Who Do We Choose To Be?

Facing Reality, Claiming Leadership, Restoring Sanity | Opening Chapter

Opening Chapter – Who Do We Choose to Be?

Let your wisdom as a human being
connect with the power
of things as they are.
~ Chögyam Trungpa, Buddhist teacher

An Invitation to the Nobility of Leadership

It is possible, in this time of profound disruption, for leadership to be a noble profession that contributes to the common good. It is possible, as we face the fearful complexity of life-destroying problems, to experience recurring moments of grace and joy. It is possible, as leaders of organizations, communities, and families, to discover deep and abiding satisfaction in our work if we choose not to flee or withdraw from reality. It is possible to find a path of contribution and meaning if we turn our attention away from issues beyond our control and focus on the people around us who are yearning for good leadership and engage them in work that is within reach. It is possible to use our influence and power to create islands of sanity in the midst of a raging destructive sea.

So much is possible if we consciously and wisely choose how best to step forward as leaders for this time.

This is a book that offers a path for leaders to engage well and sanely with the destructive dynamics of this time that now manifest at every level, from individual to organizational to global. We enter the path by bravely facing reality, willing to see with clarity and discernment where we are and how we got here. We seek to understand the forces at work that created this present world, not the one we have spent long years laboring to create, but a world that increasingly harms most and benefits scant few, a world stubbornly spiraling toward self-destruction.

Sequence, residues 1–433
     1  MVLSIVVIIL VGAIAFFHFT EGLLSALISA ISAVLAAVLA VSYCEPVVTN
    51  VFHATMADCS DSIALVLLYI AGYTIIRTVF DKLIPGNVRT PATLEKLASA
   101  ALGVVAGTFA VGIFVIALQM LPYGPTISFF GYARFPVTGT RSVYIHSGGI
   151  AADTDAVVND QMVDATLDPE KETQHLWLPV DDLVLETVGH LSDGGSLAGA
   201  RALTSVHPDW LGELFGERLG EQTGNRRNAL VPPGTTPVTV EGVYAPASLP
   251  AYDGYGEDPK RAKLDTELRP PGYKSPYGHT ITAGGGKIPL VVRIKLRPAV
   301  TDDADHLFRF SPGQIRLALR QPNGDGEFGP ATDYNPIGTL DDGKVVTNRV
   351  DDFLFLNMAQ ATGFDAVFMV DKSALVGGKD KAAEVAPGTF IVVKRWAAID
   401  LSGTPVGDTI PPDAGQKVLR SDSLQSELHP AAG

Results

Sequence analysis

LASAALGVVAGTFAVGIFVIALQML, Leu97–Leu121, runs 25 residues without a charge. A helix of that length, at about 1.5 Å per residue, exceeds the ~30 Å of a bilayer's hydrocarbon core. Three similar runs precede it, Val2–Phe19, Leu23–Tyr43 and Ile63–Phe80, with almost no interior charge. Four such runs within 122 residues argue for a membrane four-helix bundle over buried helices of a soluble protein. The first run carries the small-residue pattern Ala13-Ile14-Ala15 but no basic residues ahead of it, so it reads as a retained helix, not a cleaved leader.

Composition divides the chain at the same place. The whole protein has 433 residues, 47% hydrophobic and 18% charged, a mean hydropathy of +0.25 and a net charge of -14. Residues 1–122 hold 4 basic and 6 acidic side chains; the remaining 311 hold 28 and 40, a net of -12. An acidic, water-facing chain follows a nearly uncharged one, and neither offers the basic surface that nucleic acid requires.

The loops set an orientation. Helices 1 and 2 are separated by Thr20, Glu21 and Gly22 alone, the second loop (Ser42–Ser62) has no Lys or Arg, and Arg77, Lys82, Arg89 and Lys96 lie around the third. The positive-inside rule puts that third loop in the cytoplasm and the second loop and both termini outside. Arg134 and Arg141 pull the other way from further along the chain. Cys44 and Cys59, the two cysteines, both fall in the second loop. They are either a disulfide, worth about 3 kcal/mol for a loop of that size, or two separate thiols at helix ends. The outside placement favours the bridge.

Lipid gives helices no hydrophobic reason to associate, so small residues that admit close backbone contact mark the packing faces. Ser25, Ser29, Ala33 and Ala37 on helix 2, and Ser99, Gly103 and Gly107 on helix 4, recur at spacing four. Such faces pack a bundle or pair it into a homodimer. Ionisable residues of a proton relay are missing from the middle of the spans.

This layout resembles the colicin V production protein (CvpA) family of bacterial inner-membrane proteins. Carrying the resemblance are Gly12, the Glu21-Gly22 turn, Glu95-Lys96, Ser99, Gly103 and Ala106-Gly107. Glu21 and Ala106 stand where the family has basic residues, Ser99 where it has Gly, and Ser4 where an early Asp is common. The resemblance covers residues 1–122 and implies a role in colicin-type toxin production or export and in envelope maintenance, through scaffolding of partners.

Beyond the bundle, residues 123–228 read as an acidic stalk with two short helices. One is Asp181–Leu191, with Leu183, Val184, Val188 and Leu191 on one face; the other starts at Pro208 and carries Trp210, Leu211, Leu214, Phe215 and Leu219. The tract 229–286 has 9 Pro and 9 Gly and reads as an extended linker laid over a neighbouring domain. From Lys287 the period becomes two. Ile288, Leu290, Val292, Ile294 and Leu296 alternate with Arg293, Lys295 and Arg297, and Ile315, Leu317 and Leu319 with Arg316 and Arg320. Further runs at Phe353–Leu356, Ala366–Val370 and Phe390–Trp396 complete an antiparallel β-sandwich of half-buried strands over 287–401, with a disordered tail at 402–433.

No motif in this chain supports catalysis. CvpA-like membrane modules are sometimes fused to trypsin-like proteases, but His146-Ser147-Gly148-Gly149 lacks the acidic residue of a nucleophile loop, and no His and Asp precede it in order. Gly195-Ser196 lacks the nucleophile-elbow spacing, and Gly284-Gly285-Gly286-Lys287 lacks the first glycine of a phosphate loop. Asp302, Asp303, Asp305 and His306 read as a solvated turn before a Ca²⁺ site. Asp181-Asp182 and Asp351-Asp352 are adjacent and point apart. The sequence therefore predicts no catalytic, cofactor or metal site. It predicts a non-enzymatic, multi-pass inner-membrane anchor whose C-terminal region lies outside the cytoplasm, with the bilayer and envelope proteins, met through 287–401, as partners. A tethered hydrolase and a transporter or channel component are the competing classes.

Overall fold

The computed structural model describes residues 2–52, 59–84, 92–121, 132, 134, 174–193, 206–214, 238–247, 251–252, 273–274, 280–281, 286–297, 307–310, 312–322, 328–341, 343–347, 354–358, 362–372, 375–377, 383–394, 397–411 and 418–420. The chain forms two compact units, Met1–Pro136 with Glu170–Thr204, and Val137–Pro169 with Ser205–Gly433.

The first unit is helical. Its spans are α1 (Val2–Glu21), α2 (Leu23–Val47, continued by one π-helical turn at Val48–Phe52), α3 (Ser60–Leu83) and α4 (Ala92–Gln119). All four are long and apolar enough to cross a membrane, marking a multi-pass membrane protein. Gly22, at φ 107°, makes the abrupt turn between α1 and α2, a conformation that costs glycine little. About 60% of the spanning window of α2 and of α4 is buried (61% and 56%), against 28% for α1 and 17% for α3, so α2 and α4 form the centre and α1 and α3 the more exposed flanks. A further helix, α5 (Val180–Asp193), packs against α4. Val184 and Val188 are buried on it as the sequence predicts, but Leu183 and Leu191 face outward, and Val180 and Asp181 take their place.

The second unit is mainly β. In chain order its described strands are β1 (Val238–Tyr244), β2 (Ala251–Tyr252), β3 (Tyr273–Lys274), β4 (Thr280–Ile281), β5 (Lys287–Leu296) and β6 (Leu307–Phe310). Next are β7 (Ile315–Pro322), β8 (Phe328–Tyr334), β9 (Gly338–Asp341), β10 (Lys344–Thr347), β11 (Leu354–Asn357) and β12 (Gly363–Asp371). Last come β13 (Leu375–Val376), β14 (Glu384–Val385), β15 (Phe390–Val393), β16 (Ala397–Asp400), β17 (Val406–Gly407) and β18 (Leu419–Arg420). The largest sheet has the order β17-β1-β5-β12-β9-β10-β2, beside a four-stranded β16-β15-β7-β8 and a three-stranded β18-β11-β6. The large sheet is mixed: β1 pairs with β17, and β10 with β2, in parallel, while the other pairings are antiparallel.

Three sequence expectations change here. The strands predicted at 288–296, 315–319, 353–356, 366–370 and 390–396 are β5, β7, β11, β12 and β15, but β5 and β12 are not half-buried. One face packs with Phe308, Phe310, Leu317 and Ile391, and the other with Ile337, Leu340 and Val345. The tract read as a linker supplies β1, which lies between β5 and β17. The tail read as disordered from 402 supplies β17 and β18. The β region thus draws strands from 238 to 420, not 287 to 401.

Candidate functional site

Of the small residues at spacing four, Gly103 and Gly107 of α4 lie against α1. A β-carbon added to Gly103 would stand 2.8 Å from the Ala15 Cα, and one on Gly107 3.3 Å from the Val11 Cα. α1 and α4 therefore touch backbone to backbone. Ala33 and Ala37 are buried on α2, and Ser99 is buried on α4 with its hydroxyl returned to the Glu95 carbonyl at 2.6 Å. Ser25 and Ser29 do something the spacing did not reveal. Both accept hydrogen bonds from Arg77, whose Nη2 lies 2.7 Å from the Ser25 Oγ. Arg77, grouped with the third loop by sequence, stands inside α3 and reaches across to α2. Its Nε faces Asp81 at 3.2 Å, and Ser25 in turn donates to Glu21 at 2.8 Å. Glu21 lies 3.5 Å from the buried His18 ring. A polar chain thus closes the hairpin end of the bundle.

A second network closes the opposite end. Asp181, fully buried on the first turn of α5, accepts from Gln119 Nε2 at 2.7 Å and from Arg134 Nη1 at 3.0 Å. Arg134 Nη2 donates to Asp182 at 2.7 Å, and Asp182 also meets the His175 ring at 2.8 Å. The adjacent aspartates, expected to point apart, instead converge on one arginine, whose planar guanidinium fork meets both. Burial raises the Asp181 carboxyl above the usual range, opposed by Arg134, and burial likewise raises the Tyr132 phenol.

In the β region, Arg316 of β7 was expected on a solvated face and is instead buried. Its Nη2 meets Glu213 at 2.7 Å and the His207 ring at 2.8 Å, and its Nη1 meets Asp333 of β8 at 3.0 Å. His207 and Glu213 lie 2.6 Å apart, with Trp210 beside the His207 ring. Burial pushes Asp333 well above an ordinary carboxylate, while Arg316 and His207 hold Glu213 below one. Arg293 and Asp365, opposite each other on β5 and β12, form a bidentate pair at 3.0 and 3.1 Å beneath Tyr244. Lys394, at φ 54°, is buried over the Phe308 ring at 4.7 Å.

Many of us feel that we have no choice but to protect ourselves from the increasing harshness and horrors of this world by withdrawing, staying busy with minor tasks, suppressing emotions of despair, grief, powerlessness. Some seek comfort by denial, creating personal bubbles to shut the world out. But the desperate effort that goes into withdrawal, suppression, and denial robs us of the very energy we need to be good leaders. The energy now spent on self-protection can be converted into positive energy if we’re willing to encounter reality and see it clearly. Facing reality is an empowering act—it can liberate our mind and heart to discern how best to use our power and influence in service for this time.